Russia’s Unlikely Withdrawal from Syria
The Russian entrance in the Syrian war has certainly increased the reputation of the Russian military, allowed valuable training, and enhanced Moscow’s political clout in the conflict itself and the Middle East overall. Still, even though Bashar al-Assad’s regime managed to survive and even become stronger, Moscow is looking at ways to get out of the Syrian war. Yet, this will be very difficult to see through as Russia would face considerable geopolitical constrains in doing so.
Despite earlier reports from 2016 of Russia withdrawing its forces from Syria, Moscow is now openly hinting at closing off its operation in the Syrian battlefield. One of the latest signs that the Kremlin is exploring possible exit strategies came during a recent visit by the Syrian president Bashar al-Assad, to Sochi, Russia, where he met Putin and the latter expressed his satisfaction with the military operation in Syria. Putin also said that the war is nearing an end.
In October, Russian media outlets announced that the future of the Russian involvement in Syria was discussed at the meeting in Tel Aviv between Russian Defense Minister Sergei Shoigu and his Israeli counterpart, Avigdor Lieberman. The Russia minister said that the Russian operation in Syria is nearing its completion. Moreover, the Russian presidential press secretary Dmitry Peskov also noted that Russian military successes in Syria and described them as “the beginning of the end” of the war in Syria.
Yet another sign came on November 22, when the Russian, Iranian and Turkish presidents met and released a joint statement on the future of Syria. The leaders agreed to organize a “congress” involving the Syrian government and Syrian opposition forces.
Indeed, since Russia’s intervention in Syria, Moscow has succeeded in many ways to stabilize the Syrian battlefield by providing the loyalist forces with concrete military support for future operations. For one, Russia’s involvement restored the military advantage to Syrian troops. Furthermore, its entry into the conflict not only secured the existing Russian military infrastructure on the Mediterranean, but also allowed it to expand. Moreover, the military successes increased Moscow’s geopolitical weight, making the country one of the major players in the Syrian conflict, and, through its participation in the war, it also weakened any serious potential for fighters in Syria and Iraq to increase their operations across most of the post-Soviet space and in Russia itself.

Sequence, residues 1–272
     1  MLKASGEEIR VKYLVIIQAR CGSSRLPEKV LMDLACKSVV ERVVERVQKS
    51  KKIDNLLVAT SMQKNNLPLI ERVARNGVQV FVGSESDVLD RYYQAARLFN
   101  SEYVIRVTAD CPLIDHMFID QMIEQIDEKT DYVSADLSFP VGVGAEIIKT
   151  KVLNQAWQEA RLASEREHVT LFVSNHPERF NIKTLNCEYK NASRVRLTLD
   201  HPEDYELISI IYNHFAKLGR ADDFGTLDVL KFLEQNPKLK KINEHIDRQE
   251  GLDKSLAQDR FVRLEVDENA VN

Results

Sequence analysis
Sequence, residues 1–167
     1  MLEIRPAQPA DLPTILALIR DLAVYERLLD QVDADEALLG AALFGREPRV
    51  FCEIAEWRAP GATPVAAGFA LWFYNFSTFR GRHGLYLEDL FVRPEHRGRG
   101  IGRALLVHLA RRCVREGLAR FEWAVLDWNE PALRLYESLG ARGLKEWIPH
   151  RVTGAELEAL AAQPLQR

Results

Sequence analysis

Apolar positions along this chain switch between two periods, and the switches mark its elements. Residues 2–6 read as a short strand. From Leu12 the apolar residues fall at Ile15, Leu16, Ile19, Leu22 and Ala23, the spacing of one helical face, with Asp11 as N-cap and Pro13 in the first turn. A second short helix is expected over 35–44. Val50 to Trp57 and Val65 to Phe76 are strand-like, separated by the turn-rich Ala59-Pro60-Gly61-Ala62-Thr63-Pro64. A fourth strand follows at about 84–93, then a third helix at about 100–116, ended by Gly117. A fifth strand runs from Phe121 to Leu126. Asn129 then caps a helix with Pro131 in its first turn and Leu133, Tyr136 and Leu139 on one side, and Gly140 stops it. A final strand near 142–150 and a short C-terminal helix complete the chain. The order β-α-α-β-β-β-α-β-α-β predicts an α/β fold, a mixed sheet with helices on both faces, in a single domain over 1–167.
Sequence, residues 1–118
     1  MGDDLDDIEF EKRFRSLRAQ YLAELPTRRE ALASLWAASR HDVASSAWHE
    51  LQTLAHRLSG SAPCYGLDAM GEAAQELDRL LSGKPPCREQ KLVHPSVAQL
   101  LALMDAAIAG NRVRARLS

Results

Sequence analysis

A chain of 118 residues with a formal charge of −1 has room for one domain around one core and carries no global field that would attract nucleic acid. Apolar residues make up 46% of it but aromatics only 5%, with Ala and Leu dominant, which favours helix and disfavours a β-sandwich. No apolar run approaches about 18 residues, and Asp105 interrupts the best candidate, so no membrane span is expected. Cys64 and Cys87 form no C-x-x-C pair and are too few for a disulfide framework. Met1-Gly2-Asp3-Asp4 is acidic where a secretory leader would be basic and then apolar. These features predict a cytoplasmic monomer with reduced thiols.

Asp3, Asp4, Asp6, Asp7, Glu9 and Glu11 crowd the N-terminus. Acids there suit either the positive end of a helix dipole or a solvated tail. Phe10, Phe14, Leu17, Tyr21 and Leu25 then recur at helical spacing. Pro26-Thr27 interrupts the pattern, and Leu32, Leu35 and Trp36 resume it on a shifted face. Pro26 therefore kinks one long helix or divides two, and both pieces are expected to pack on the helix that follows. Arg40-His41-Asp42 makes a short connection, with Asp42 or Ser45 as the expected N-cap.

There do exist additional strategic reasons for Russia to leave the Syrian battlefield now. For example, Moscow’s relations with important Syrian rebel backers such as Turkey and the Gulf Cooperation Council have been shaken since Russia’s intervention in 2015. From the Russia point of view, re-establishing former contacts with these Middle East countries will be a profitable foreign policy move for the country’s economy. Relations with Turkey are developing fast and many believe that this might come at the cost of Russia leaving its positions in Syria.
Beyond that, there is also a purely psychological reason: Russian support for the Syrian government has come at a price as the rate of Russian military casualties has steadily risen over the past several months, resulting from greater Russian military involvement in the Syrian battlefield.
Related to that is the Russian fear that Moscow might be stuck in Syria for a long time, increasing the potential for more casualties. The Russians are still haunted by Soviet misfortune in Afghanistan in the 1980s and believe that the time is now ripe for withdrawal as Moscow amid its various Middle East successes.
But there are serious constrains on Russia. Moscow needs a negotiated political resolution to the conflict where Moscow’s position would be strong enough to safeguard its military and political influence. There is also a real possibility that potential Russian withdrawal would look like what happened in 2016 when President Putin ordered the immediate pullout of the bulk of his forces from Syria after 5½ months of airstrikes. However, it is also remembered that back then this was only used by the Russians to regroup their forces in Syria to further continue their operations alongside the Syrian loyalists and Iranian allies on the ground.
To look at the potential Russian withdrawal from the bigger strategic view, one should remember that the Russians also entered the war in Syria with the hope that by gaining momentum on the Syrian battlefield, the West would become more amenable to Russian interests in other conflicts around the globe.
One such conflicts is Ukraine. The Kremlin’s intentions appear clear: political leverage in Syria would influence the West’s negotiating position in Ukraine, which remains the most crucial theater for Russia’s position in the Eurasian landmass. However, so far, the West has successfully blocked these Russian initiatives.
Emil Avdaliani teaches history and international relations at Tbilisi State University and Ilia State University. He has worked for various international consulting companies and currently publishes articles focused on military and political developments across the former Soviet space and the Middle East.
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